“Moving from Message to Messenger!”

Christmas Morning 25 December 2016
(Isaiah 52:7-10 Psalm 98 Hebrews 1:1-12 John 1:1-14)
“Moving from Message to Messenger!”
Blessed Christmas to each of you on this Christmas morning!
Not unlike the Christmas story we heard from Luke’s Gospel last evening, every Christmas story has its wide range of emotions.
[Slide of Caritas Baby Hospital in Bethlehem] None seems more true than the story of the Caritas Baby Hospital in Bethlehem, where mothers with children, very often unwed mothers, are taken care of by skilled nurses and doctors.
The story of Caritas Baby Hospital is a story that takes place less than a mile from the site celebrated as the birthplace of Jesus 2000 years ago, at a time when his unwed mother had nowhere to go.
Paradoxically disturbing is that the first sign visitors often see for the Caritas Baby Hospital is the cartoonish spray-painted logo on a 30-foot-high concrete guard tower, a particularly imposing part of the barrier that separates Israel and the Palestinian territories.
Of course for those who have been to Bethlehem, you know you have to pass through a checkpoint in order to get into this small town, only five miles from Jerusalem.
The Order of Religious Sisters who staff this hospital is a point of light for thousands of patients each year, this past year more than 40,000 children, newborn to 14 years of age, from all over the West Bank and Gaza. The Religious Sisters often sit with families affected by the wall’s path, sharing tea and coffee as they try to offer support and presence. One of the main missions of the hospital is to show solidarity as human beings with all people.
For me, this is very much a Christmas story: a hospital that cares for all babies, so close to where Jesus was born, and its very sign of welcome painted on a wall of separation!
We all have different Christmas stories to tell and to live—all which proclaim the promise that the light will not dispel darkness!
Christmas celebrates what theologians like to call the “Incarnation,” the time when God’s love came to earth in human form. But the Incarnation says as much about what we are to become as it does about what God has become. We certainly hear this clearly on Christmas morning!
God is always trying to make humanity more human. That’s the Incarnation! Christ becomes like us not that we should become less, but that we might become more ourselves, more like Him who showed us that even though we do not possess all knowledge so as to understand all mysteries; even though we do not give all we have to feed the poor; even though we do not let our bodies be burned; even though we do not do all those things, God in Jesus comes to show us a better way. Love alone is the expression of our aliveness. The Incarnation offers us the gift of this life of love. But it is our gift to open, again and again and again.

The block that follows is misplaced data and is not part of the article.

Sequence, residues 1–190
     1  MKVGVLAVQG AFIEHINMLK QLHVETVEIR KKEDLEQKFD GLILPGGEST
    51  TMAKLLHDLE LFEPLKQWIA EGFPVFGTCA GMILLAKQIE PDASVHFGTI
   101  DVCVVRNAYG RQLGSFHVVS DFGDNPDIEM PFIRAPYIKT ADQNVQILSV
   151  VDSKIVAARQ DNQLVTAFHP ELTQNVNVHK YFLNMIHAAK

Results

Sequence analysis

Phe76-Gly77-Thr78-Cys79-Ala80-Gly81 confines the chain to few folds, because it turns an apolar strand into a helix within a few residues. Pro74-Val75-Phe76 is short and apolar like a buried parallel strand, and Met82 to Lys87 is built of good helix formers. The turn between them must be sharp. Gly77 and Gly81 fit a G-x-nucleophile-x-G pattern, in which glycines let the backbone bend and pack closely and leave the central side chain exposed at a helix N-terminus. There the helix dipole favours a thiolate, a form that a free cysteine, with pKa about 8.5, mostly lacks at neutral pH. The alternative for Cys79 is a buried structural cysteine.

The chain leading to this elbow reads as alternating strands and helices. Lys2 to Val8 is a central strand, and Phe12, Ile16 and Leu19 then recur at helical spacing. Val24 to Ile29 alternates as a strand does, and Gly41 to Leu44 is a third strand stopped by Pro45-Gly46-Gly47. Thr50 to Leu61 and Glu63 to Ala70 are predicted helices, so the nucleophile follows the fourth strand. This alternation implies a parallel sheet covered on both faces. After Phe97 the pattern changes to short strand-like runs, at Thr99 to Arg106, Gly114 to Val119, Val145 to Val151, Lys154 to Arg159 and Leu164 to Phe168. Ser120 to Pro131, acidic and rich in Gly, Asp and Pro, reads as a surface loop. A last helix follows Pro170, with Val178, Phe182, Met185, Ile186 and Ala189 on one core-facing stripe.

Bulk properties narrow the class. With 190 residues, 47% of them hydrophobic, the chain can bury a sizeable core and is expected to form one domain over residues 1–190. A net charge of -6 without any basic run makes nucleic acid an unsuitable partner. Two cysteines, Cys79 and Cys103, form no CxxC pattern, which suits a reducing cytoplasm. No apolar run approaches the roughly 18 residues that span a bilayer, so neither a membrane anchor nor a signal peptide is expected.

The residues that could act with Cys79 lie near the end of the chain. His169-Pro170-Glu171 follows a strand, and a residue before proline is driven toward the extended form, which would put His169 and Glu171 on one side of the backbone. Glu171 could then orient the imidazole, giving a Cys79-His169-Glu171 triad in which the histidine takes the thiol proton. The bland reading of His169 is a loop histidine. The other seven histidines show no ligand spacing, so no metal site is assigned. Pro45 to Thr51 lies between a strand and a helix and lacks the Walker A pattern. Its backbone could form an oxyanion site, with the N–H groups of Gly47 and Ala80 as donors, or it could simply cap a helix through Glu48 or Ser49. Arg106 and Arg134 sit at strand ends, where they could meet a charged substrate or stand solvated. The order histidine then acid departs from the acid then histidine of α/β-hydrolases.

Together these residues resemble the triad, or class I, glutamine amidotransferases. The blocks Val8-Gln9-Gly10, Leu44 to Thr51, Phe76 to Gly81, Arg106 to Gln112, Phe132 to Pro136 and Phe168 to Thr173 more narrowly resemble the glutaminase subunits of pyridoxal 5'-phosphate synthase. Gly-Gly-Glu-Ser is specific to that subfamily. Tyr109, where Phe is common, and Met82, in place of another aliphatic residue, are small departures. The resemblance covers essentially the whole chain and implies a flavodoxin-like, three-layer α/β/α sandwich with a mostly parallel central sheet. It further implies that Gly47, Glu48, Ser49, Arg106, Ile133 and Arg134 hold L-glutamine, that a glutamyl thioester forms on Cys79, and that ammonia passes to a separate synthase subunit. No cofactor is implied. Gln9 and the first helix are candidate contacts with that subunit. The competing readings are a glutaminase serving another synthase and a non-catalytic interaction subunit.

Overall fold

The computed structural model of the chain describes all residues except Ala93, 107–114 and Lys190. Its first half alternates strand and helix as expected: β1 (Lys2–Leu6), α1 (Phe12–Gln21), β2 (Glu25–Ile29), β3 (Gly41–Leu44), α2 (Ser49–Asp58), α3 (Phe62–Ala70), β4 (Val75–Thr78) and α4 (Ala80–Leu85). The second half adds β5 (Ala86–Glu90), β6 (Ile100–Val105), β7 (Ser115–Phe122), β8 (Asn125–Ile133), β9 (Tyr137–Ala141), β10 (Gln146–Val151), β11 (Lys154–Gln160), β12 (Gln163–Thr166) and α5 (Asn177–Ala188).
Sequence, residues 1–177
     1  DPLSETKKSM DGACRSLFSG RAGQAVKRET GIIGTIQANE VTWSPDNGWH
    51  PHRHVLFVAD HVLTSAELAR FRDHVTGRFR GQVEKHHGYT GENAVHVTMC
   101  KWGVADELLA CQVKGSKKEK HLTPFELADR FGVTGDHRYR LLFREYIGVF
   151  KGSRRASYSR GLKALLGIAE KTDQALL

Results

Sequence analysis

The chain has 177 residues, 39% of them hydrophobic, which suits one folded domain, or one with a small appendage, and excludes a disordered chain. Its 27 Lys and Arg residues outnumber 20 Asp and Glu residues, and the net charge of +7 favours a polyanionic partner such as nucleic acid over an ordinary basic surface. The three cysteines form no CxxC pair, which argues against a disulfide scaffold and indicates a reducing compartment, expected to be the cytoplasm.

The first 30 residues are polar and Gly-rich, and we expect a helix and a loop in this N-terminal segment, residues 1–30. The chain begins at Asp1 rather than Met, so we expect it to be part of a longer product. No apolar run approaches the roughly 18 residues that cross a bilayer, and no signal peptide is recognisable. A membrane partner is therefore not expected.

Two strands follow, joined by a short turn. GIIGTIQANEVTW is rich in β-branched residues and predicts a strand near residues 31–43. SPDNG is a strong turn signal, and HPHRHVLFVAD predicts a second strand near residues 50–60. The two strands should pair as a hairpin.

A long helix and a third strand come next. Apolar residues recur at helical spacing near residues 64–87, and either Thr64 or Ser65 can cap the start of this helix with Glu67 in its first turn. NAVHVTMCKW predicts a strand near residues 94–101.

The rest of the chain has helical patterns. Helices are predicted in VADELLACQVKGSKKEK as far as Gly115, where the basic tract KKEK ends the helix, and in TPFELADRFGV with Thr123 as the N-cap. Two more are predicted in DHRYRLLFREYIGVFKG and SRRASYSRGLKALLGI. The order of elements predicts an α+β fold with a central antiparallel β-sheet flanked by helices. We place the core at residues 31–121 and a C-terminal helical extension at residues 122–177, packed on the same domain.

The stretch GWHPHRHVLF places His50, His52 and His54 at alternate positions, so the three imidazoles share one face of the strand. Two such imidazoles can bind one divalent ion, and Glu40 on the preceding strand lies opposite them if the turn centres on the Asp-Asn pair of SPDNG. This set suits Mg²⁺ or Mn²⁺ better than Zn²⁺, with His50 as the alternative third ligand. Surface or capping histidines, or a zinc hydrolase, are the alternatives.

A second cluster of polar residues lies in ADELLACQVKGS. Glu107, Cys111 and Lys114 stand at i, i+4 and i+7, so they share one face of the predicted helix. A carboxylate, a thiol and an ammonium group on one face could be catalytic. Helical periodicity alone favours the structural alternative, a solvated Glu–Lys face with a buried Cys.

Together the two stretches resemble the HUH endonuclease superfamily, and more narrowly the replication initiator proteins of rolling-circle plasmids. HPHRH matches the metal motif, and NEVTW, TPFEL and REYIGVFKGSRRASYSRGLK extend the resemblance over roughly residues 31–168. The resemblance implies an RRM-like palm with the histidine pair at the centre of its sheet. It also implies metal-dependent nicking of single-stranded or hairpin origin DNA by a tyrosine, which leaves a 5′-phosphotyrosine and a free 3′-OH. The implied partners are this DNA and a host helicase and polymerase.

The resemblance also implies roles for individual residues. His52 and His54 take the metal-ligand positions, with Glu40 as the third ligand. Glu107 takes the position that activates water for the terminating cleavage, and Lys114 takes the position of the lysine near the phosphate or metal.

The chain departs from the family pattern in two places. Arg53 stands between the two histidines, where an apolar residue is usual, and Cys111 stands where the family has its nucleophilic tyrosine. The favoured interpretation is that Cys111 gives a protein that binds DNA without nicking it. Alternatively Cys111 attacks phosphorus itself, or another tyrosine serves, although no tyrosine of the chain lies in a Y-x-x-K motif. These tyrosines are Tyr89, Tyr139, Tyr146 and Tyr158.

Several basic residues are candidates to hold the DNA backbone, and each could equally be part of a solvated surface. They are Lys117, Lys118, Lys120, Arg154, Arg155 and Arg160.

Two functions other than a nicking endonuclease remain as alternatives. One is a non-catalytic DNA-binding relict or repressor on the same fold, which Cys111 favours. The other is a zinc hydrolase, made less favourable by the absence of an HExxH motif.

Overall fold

At the heart of the celebration of Christmas message is the radical desire of God to want to share life with us and being with us in our human uncertainties, vulnerabilities and struggles that come with being human.
This morning the message and the promise are the same as they were last evening, but the words of the message and the words of promise are different. If the Gospel of Jesus is the greatest love story ever told, then we are challenged to become the message and the promise to the world. I believe Christmas to be our first best meeting with God. Christmas is the breathing immeasurable love that God has for each one of us!
If I dare say this, we heard the beautiful Christmas story last evening from Luke, but today the prophet Isaiah and the Gospel writer John take us a step further. If last evening we heard so much about God’s love for us in Pastor Andrew’s sermon, this morning we now are challenged to “incarnate” –make visible—God’s love into the world!!
The words of the prophet Isaiah move us from the message to the messenger. If, indeed, the Word of God’s love has been made real and visible to the world, then blessed are our feet as we bring this Good News to the world!
As God’s own flesh in Jesus touched broken bodies with God’s healing presence, and fed hungry bodies, and hugged children’s’ bodies, and welcomes rejected persons back into community, as Jesus laughed and wept–the gift of Christmas opens us to the very same way of living—sharing God’s Good News of God’s unending love to a broken and needy world.
On this Christmas day, we celebrate God’s love come to us. We celebrate God’s love opening us ever more deeply to become messengers of God’s love to the world. How beautiful are the feet which travel the earth to proclaim the Good News of God’s love to each and every person!
It is Christmas morning when we can look at a face we may never have seen before and recognize that person as our sister or brother.
It is Christmas morning when we see hope by looking at a drawing of two very juvenile babies on a guard tower where soldiers with guns survey the land below.
It is Christmas morning when we truly realize that the Word of God—Jesus—has become one of us and now lives among us.
These are the Christmas stories I want to hear on Christmas morning, and I want to keep hearing them believing them long after Christmas morning! Amen.

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